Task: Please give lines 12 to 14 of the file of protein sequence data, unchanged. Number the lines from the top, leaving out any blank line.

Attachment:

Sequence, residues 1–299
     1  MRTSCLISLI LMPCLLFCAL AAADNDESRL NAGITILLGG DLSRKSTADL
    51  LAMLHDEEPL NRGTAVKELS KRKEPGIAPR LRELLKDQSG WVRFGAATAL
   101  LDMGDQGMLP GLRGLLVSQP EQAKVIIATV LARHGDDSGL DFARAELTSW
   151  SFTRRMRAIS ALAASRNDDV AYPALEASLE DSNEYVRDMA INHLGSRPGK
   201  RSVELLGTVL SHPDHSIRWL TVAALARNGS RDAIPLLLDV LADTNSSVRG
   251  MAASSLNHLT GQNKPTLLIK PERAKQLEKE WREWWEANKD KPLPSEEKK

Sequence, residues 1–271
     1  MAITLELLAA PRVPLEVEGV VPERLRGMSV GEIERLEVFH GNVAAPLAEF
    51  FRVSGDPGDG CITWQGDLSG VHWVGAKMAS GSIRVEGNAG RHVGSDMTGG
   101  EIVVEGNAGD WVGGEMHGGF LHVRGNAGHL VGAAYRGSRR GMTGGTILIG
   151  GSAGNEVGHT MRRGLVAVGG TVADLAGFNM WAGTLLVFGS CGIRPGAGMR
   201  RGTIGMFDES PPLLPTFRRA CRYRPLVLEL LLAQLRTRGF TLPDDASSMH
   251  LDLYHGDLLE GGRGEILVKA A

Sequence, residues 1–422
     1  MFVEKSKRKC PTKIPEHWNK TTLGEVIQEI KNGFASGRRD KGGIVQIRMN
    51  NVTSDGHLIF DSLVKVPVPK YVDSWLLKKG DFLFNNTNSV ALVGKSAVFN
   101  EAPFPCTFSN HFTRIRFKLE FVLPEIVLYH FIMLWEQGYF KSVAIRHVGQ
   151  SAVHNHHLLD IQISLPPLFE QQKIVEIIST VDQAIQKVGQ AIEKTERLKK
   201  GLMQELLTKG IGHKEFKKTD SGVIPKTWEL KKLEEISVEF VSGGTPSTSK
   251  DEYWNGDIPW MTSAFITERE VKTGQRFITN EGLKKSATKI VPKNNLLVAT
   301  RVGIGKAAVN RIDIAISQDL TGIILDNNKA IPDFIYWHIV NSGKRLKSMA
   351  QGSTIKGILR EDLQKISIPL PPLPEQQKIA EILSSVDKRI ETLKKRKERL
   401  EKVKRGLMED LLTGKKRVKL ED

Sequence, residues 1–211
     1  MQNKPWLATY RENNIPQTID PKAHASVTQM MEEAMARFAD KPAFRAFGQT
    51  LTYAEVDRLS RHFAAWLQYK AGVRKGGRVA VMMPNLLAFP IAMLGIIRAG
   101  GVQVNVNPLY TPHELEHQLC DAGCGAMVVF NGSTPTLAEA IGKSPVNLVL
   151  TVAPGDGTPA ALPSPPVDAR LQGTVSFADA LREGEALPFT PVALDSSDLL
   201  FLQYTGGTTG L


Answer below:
   151  GSAGNEVGHT MRRGLVAVGG TVADLAGFNM WAGTLLVFGS CGIRPGAGMR
   201  RGTIGMFDES PPLLPTFRRA CRYRPLVLEL LLAQLRTRGF TLPDDASSMH
   251  LDLYHGDLLE GGRGEILVKA A